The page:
No matter who wins the election, these 5 challenges could keep Tennessee’s next governor and General Assembly busy throughout 2019 and beyond. Here they are in no particular order.
- Fentanyl & Heroin — As the opioid epidemic evolves, overdose deaths from fentanyl and heroin are surging while deaths from prescription pain relievers fall.
- Recession Readiness — History suggests Tennessee’s 50th governor will face a recession while in office. Meanwhile, the state budget has about 40% less cushion today than in 2007, before the last big recession.
- Workforce Health — Even without a recession, Tennesseans’ below-average health prevents our economy from reaching its full potential.
- Online Sales Tax — With online shopping on the rise, Tennessee collects sales tax on a smaller share of consumer spending than in the past. A 2018 U.S. Supreme Court ruling lets states change their tax laws to include more online sales.
- Access to Health Care — Tennessee faces many health care access challenges, including a 9.5% uninsured rate, hospital closures, rural provider shortages, addiction treatment capacity, insurance costs, decisions about TennCare, and potential federal policy changes.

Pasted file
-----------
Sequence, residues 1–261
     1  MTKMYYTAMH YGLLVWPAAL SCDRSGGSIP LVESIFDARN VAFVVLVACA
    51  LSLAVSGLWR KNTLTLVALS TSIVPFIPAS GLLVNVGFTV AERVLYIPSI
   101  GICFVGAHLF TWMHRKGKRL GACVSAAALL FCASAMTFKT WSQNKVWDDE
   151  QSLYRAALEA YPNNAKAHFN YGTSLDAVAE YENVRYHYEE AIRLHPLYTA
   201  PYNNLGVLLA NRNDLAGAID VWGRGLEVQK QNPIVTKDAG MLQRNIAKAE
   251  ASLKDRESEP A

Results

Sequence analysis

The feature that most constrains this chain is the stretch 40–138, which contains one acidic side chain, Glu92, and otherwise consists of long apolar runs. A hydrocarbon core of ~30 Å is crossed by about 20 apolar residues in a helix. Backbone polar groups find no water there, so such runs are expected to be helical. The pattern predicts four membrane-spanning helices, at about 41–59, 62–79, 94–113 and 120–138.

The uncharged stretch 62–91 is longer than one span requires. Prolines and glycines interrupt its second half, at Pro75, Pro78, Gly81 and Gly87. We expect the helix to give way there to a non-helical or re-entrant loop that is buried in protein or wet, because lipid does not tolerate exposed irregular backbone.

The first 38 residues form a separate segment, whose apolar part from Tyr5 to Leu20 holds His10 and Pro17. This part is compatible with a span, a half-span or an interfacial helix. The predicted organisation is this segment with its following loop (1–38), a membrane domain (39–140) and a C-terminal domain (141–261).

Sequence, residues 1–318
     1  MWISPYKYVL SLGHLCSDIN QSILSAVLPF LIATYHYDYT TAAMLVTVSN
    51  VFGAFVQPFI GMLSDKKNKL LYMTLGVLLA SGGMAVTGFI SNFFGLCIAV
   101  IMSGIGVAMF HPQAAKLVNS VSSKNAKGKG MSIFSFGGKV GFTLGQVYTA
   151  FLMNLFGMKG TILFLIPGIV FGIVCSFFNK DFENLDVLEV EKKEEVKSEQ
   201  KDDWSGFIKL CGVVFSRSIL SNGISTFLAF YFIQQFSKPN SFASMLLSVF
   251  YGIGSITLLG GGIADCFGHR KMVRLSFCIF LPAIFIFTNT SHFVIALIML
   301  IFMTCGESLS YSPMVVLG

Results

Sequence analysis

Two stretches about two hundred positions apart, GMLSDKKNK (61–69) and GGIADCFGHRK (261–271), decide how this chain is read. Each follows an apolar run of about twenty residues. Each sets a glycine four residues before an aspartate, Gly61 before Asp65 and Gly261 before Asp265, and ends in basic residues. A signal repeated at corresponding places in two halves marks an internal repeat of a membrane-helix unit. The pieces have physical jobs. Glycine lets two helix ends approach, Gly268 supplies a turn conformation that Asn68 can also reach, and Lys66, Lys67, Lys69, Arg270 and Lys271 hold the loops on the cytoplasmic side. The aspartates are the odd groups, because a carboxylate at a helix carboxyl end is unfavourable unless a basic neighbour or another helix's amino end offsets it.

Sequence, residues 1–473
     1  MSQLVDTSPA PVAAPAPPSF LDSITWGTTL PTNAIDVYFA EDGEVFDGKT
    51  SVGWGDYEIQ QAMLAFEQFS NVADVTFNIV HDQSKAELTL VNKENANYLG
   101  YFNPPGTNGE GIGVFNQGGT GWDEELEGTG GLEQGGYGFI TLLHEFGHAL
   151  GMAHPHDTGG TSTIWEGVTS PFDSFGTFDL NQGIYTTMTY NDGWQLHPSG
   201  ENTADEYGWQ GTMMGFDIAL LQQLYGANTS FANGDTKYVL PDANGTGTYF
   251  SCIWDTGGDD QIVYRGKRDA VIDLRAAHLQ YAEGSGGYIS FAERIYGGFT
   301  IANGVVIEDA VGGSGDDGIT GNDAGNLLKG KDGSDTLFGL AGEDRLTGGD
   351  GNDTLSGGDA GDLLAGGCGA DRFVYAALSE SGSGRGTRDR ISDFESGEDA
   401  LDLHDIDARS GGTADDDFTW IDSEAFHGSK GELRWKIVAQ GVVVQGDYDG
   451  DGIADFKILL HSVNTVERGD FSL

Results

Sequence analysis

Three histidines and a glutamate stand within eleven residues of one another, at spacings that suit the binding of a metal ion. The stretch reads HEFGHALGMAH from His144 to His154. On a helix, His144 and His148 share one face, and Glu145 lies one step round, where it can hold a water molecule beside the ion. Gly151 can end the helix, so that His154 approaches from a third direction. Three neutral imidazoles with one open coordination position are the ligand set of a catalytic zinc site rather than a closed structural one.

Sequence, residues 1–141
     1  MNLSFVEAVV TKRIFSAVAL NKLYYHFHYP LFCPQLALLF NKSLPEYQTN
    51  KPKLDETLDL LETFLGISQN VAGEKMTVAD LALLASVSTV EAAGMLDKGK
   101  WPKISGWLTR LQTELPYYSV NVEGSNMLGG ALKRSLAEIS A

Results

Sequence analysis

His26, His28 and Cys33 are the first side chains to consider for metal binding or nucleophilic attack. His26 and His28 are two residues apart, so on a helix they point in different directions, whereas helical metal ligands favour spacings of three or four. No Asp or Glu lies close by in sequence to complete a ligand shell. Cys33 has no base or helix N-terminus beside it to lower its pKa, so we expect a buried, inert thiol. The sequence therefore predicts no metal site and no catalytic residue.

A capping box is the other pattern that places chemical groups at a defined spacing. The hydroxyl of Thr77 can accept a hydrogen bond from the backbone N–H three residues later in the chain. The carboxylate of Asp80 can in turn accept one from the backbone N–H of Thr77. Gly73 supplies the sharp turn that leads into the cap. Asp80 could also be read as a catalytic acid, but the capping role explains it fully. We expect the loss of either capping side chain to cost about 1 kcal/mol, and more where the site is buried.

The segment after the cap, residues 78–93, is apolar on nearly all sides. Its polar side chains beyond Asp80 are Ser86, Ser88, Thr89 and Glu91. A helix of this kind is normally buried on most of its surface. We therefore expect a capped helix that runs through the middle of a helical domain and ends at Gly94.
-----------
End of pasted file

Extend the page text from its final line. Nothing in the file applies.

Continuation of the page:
1. Fentanyl & Heroin
As the opioid epidemic evolves, overdose deaths from fentanyl and heroin are surging while deaths from prescription pain relievers begin to fall. The supply of prescription opioids in Tennessee is on the decline, which has increased demand for fentanyl and heroin. These illicit alternatives are often more potent and lethal than prescription opioids. Overdose deaths not involving an opioid also began to rise in recent years.
As new policies take effect, policymakers should keep a close eye on whether and how they move the needle on the supply of and demand for opioids and other illicit substances. They may want to consider the following questions:
- What do the data say?
- Are our efforts financially sustainable?
- How will federal action fit into Tennessee’s strategy?
- What are other states doing?
- Are prevention and treatment efforts broad enough to stem the next epidemic?
2. Recession Readiness
History suggests Tennessee’s 50th governor will face a recession while in office. The current U.S. economic recovery has lasted about 3 times longer than average. In fact, every Tennessee governor since 1945 has experienced a recession while in office (with the potential exception of Bill Haslam).
Recessions can create challenges for state budgets. They increase demand for state programs and services while reducing the revenues that fund them. States can respond to revenue shortfalls by reducing spending, increasing taxes, and/or tapping rainy day reserves.